5. This is a tough decision to go through. I went through it the past few years and decided to do a quasi-retirement. I has worked for me, since I do still get my social network and my time with kids. I just have less homework. I feel like it was a bit of a compromise with the two sides of me.

  6. I shared that same podcast episode with my mom this weekend. I also feel young at 59 and cannot imagine retiring (which is good, because I can’t afford to). It does give you pause though when there is so much hype to worry about aging.

  7. Love this post so much! I love the line where you say you wouldn’t have the wisdom and experience you have without bring the age you are. I’ve felt that more this year than any other, with 29 years under my belt and 51 years young…I’ve come to appreciate where I am because of where I’ve been. I’m
    With you, so much more to live, learn and offer. Special slice! Thanks for sharing!

  8. This is so encouraging, Susan! And I related do much to these lines: “ I’ve been tired and discouraged before. I’ve been underappreciated and misunderstood before.”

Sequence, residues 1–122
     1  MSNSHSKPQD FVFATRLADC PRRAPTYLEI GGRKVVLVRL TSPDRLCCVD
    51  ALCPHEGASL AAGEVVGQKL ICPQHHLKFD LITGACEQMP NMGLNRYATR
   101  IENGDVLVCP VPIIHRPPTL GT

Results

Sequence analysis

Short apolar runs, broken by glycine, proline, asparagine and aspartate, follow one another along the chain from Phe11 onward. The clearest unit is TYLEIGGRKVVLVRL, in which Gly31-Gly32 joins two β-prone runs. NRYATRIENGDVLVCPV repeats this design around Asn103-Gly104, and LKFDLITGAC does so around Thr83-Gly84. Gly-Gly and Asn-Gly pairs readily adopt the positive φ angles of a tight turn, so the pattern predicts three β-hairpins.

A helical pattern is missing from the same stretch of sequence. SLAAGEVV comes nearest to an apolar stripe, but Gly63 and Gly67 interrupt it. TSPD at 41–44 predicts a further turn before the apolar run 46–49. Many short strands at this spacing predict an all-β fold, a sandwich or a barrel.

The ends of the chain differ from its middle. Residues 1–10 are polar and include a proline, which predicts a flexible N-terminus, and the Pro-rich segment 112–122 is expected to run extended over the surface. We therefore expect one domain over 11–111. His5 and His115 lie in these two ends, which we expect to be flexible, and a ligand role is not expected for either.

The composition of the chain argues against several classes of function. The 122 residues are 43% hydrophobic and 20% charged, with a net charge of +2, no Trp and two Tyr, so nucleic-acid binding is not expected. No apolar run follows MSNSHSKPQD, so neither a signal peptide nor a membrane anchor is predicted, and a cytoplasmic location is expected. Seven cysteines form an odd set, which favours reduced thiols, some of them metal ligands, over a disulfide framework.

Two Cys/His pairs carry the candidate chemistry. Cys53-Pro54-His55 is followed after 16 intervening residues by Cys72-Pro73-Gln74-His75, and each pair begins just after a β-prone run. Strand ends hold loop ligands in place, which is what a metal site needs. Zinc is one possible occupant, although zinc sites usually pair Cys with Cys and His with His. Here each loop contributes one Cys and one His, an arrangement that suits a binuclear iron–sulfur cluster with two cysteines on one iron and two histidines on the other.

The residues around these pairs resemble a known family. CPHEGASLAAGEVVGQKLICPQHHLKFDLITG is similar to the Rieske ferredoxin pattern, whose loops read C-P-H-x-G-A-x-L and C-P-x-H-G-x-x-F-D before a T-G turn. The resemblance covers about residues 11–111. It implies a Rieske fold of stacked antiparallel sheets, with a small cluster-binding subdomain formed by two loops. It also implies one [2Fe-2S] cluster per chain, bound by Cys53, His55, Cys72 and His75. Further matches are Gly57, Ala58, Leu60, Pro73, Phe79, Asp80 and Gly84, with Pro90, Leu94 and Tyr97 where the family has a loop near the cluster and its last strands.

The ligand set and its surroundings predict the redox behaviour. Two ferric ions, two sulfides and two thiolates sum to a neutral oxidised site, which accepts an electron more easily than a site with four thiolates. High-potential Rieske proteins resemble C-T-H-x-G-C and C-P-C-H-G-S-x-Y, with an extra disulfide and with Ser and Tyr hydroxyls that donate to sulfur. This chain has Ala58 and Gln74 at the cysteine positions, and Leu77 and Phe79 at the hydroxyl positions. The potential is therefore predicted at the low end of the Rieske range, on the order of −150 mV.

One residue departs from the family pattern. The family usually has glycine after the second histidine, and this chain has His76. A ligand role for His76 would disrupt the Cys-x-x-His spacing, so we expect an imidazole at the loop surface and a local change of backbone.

Realizing that the decision is permanent gives me pause; especially when teaching is still energizing!

  9. Thanks for thinking aloud about this topic at once profound and personal. My two cents: You’re a realist and an optimist and your social networks have social networks. Keep leaning in, leaning over, and seeing what happens. I bet good things usually will.

  10. The truth is, the older you get, the more relative age becomes. You can look back and reflect on all that you’ve done and all the people and students you’ve helped and how much longer you keep teaching is absolutely and entirely up to you and how you feel about it!

  11. You are a gem. My favorite line, “The most important part of me is I’m still learning. “ I know this about you from reading your writing. I also knew that the social networking piece is where you shine. Thank you for sharing your wisdom.